How to Thin Wood Stain

Hunker may earn compensation through affiliate links in this story. Learn more about our affiliate and product review process here.

It's possible to make wood stains by dissolving berries, nut husks and even tea in water, but if you stick with commercial products, you still have a wide array of options. Some stains contain pigments dissolved in a solvent or in water, and others are solvent- or water-based dyes; some semi-solid gel stains behave more like paste than paint. When your stain is too thick, thin it with a compatible solvent.


Know Your Stain

The ingredients in a commercial stain -- including the solvent carrying the pigments or dyes -- are clearly marked on the container. The vast majority of oil-based pigment stains contain mineral spirits, often identified as petroleum distillates. Varnish stains are thicker than conventional oil-based stains, but they also contain mineral spirits, and that's what you use to thin them. Water-based stains tend to be semi-transparent ones for exterior use, and the thinning directions on the can specify water as the solvent. If you aren't sure whether a stain is water-soluble, the word latex anywhere on the label is a dead giveaway that it is. If you're using a lacquer-based or non-grain-raising stain, you'll know it by the strong odor of xylene, toluene or and methyl ethyl ketone -- common ingredients in lacquer thinner.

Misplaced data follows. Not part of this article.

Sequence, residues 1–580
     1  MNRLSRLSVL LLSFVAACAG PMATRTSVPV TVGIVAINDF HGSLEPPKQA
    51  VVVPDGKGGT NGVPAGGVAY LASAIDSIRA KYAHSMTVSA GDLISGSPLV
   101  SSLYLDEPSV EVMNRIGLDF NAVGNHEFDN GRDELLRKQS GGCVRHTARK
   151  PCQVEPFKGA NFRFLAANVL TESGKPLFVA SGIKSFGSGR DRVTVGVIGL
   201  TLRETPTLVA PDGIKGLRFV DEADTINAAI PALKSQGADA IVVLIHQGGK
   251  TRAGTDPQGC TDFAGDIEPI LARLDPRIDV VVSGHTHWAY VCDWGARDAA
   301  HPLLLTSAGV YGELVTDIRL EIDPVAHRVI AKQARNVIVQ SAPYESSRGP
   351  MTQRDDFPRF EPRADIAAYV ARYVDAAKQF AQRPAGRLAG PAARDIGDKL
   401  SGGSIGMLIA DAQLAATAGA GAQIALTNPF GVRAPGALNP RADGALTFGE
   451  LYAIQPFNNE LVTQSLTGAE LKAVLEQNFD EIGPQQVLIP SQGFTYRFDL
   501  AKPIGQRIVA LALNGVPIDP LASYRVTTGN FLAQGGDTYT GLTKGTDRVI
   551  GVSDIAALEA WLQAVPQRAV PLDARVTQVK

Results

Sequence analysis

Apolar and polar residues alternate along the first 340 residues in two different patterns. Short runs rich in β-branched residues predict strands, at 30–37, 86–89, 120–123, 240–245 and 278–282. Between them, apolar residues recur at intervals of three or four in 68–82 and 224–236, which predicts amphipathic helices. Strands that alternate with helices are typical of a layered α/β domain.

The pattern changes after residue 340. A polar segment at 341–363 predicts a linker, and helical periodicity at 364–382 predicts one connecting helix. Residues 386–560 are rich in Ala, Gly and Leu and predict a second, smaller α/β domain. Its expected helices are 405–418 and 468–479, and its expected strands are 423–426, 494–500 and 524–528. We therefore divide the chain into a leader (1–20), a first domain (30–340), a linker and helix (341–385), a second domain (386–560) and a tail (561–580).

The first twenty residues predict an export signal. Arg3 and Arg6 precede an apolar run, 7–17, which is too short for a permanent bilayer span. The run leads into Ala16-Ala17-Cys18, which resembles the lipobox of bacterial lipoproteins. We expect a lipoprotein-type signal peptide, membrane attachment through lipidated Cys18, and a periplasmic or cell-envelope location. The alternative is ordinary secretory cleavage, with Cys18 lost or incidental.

Video of the Day

Add Thinner Incrementally

If you leave your stain in storage with the lid completely or partially off, you may find a pasty mass in the can when it's time to use it. Most stains -- with the exception of varnish stains -- don't contain curing compounds, and you can make them workable again by adding the appropriate thinner. Add the thinner in small increments, and stir thoroughly until all the pigment or dye is dissolved. It's virtually impossible to make stain too thin to use, but keep in mind that the thinner you make it, the less color it provides. Use mineral spirits for oil-based stains, water for water-based stains, and lacquer thinner for lacquer-based or NGR stains.


Thinning for Spraying

Most stains are thin enough to spray directly from the container -- just pour some into the cup of your spray gun, adjust the nozzle and spray away. Some semi-transparent stains may need thinning -- but prevent running and dripping by erring on the side of too little thinner instead of too much. You can always add more thinner if the gun clogs during spraying, but it's difficult to thicken stain that you've thinned too much.



Report an Issue

screenshot of the current page

Screenshot loading...